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Integrated Ecological Assessment As the Basis for Management of a Coastal Urban Protected Area: A Case Study of Xiamen, China

September 25, 2008

By Huang, Yun-feng Cui, Sheng-hui; Ouyang, Zhi-yun

Key words: Marine protected areas, ecosystem-based management, ecological indicators, urbanisation SUMMARY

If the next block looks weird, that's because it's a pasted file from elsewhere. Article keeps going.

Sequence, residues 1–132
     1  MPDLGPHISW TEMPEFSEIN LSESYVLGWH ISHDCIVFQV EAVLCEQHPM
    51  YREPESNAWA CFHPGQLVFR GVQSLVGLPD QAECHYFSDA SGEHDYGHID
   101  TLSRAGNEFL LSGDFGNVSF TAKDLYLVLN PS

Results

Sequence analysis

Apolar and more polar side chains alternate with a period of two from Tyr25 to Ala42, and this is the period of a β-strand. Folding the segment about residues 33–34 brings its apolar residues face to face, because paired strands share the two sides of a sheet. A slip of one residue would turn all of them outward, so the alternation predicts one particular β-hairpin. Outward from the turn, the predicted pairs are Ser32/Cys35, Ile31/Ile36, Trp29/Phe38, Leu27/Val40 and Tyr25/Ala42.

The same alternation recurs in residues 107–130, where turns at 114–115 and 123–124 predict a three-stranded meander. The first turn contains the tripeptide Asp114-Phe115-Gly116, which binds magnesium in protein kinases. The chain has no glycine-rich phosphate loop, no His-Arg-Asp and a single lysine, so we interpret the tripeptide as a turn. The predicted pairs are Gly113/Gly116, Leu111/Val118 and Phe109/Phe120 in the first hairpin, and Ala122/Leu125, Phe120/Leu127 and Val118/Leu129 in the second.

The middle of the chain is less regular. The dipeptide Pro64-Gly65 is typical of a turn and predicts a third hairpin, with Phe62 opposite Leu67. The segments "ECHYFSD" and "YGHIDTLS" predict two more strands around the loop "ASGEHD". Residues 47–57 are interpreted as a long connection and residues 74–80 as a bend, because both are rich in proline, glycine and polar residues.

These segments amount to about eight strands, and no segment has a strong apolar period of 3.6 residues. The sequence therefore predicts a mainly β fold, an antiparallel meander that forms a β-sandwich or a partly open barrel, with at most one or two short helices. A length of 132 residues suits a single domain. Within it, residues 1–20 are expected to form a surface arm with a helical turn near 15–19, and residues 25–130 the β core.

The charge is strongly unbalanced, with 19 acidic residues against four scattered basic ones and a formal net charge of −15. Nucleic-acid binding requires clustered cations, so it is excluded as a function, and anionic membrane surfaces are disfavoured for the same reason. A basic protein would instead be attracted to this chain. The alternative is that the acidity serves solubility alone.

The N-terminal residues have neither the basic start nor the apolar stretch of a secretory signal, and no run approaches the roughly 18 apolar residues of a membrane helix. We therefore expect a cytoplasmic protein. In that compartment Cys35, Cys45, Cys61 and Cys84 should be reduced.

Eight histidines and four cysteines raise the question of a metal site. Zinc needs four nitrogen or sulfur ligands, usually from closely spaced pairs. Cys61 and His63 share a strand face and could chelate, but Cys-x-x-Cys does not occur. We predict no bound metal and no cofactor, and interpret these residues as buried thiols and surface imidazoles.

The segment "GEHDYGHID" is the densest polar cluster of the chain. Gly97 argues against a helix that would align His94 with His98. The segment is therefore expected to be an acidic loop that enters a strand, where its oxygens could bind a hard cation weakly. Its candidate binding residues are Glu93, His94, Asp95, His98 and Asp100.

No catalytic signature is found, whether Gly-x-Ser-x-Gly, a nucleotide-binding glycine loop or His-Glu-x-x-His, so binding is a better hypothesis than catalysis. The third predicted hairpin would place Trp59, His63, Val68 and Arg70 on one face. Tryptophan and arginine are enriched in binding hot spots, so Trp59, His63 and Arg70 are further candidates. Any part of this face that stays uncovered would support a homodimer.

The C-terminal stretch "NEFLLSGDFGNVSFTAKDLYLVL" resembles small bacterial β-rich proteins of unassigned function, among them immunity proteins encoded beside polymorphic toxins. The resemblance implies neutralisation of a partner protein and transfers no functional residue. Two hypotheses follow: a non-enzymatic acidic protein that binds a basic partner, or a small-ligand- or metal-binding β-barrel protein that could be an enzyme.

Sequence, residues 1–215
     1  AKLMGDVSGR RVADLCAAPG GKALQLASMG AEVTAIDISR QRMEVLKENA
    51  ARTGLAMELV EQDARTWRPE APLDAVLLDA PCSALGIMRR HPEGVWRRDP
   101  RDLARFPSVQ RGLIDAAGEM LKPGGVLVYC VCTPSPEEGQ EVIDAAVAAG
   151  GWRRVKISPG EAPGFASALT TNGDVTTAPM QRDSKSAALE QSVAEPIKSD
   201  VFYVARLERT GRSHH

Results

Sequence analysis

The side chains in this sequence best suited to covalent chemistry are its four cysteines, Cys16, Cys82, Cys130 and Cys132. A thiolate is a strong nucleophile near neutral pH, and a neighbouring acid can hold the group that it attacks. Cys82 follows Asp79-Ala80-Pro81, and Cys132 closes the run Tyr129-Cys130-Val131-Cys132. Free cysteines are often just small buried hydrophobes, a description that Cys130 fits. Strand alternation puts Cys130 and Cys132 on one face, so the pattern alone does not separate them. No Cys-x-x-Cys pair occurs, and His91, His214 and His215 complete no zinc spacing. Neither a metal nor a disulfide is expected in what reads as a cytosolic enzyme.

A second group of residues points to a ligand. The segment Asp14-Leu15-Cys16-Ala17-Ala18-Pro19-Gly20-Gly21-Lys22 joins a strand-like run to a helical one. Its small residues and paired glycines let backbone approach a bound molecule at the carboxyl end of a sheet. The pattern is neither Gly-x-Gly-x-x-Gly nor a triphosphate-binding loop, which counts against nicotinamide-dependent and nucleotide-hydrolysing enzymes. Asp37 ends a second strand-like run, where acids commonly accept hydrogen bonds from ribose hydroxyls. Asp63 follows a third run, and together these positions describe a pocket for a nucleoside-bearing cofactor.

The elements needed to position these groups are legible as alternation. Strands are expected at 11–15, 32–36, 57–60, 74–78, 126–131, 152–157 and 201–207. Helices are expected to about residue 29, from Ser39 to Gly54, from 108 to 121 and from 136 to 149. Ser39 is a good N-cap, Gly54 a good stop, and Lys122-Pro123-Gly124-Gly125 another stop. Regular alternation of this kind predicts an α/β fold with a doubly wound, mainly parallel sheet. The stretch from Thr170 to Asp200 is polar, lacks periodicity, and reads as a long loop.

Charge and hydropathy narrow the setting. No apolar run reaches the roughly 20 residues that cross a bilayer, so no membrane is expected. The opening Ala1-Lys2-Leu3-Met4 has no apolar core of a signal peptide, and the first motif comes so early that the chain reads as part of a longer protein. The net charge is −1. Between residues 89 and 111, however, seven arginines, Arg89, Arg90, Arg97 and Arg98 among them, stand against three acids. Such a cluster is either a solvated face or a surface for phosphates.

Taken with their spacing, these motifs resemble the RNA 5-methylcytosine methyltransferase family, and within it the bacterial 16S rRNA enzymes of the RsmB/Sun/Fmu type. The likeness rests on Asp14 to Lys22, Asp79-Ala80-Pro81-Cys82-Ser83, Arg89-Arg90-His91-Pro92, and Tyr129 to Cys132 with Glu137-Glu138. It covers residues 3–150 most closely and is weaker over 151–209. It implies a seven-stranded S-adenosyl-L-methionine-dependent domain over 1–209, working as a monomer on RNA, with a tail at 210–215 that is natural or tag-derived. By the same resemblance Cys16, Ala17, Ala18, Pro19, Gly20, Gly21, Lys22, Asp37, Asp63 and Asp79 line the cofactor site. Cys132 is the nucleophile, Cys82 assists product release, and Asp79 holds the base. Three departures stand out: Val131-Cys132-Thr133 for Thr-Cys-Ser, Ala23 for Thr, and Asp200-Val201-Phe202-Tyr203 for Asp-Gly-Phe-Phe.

In the process of rapid urbanisation in China, environmental problems have increased, from sewage discharge to climate change. Marine protected areas (MPAs) are widely advocated as a means to comprehensively manage human activities and resources in ocean and coastal areas. However, MPAs only safeguard populations or assemblages within their boundaries and fail to offer any protection from many major threats to marine environments. An increase in environmental threats implies an increase in environmental management and assessment. We propose a methodological framework for integrated ecological assessment using the Xiamen marine protected area as a case study. The integrated ecological assessment framework can be generalised from the dimensions of environment, economy, society and institution. Surveys were undertaken to assess the state of the Xiamen coastal environment, the resources of the reserve, and issues associated with human activities. Stakeholders were interviewed about their attitudes towards issues regarding the management of the reserve. The constraints of the reserve management were identified. The methodological framework is presented as a tool to help identify relative ecological security in order to prioritise actions and assess the ecological implications of management and policy decisions.